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Evaluation of limit

  1. Mar 5, 2009 #1
    I am having difficulty in evaluating the limit
    x tends to positive infinity (log( (1+[sqrt(2)/2])^x + (1-[sqrt(2)/2])^x ))/x

    I have tried using binomial series expansion but turn out to be something messy.

    Any ideas on it?
    :)
     
  2. jcsd
  3. Mar 6, 2009 #2

    Gib Z

    User Avatar
    Homework Helper

    Well.

    You have
    [tex]\lim_{x\to \infty} \frac{ \log_e \left( \left( 1 + \frac{1}{\sqrt{2}} \right)^x + \left( 1 - \frac{1}{\sqrt{2}} \right)^x \right)}{x}[/tex]

    As x tends to infinity, the second term inside the natural log goes to zero, as so we can exclude that from our limit so that it easily evaluates to [tex]\log_e \left( 1 + \frac{1}{\sqrt{2}} \right)[/tex].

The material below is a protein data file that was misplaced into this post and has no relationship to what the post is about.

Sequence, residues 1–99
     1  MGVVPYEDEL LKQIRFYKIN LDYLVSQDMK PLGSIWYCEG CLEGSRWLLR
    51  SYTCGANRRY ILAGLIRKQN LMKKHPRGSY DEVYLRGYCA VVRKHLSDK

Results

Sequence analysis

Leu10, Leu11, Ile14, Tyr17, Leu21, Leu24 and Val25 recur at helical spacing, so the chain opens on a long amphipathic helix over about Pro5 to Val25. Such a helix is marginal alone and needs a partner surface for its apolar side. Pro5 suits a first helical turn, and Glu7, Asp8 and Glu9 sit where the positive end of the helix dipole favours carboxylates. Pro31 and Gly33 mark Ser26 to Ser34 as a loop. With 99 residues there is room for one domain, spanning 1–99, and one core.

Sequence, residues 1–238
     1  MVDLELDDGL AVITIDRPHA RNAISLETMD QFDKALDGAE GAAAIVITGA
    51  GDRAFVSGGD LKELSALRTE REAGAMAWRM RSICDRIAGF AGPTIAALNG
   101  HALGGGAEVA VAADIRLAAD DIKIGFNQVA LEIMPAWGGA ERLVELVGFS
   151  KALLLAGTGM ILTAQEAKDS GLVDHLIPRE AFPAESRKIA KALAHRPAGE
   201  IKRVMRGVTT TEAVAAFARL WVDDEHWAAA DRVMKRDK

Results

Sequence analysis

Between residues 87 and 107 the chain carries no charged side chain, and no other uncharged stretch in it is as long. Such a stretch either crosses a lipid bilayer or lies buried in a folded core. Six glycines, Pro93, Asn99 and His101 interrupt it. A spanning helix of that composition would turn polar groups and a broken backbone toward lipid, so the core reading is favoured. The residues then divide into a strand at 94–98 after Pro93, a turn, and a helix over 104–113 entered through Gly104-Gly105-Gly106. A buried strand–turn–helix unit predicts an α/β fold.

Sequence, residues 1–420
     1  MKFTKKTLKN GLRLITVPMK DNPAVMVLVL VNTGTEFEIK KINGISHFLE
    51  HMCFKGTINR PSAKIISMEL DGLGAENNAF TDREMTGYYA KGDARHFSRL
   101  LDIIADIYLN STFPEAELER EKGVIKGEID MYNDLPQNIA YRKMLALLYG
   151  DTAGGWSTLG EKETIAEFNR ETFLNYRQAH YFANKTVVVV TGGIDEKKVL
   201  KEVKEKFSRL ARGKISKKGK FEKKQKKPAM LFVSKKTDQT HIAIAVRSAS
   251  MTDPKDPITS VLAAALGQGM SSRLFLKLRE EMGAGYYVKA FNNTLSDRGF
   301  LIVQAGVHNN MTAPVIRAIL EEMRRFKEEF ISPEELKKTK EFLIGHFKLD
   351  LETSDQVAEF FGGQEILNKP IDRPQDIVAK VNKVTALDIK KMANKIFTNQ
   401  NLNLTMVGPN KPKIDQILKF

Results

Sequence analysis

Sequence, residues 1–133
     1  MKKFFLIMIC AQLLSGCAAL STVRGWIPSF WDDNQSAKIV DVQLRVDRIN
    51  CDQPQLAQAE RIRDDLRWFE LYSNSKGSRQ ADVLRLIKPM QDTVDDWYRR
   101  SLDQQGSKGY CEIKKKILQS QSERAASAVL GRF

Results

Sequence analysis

This gives us the value of the limit, but really is just a heuristic argument. For some rigor, further investigation is required. Guided by our previous evaluation of the limit, we can see that it would be helpful to isolate the important term as such:

    [tex]\log_e \left( \left( 1 + \frac{1}{\sqrt{2}} \right)^x + \left( 1 - \frac{1}{\sqrt{2}} \right)^x \right) = \log_e \left( 1 + \frac{1}{\sqrt{2}} \right)^x + \log_e \left( 1 + (3-2\sqrt{2})^x \right)[/tex] using log ab = log a + log b.

    One can easily show the second term goes to zero, using a Taylor expansion if required.
     
  4. Mar 6, 2009 #3
    Greetings:

    The previous poster was indeed correct in that the numerator's second term goes to zero. That said, the limit becomes,

    limit(x-->inf) [(ln(1 + 1/sqrt(2))^x) / x]. From the property log(u^n) = n*log(u), we have,

    limit [x*ln(1 + 1/sqrt(2)) / x] = limit [ln(1 + 1/sqrt(2))] = ln(1 + 1/sqrt(2)) [limit of a constant is the constant].

    Regards,

    Rich B.
    rmath4u2@aol.com
     
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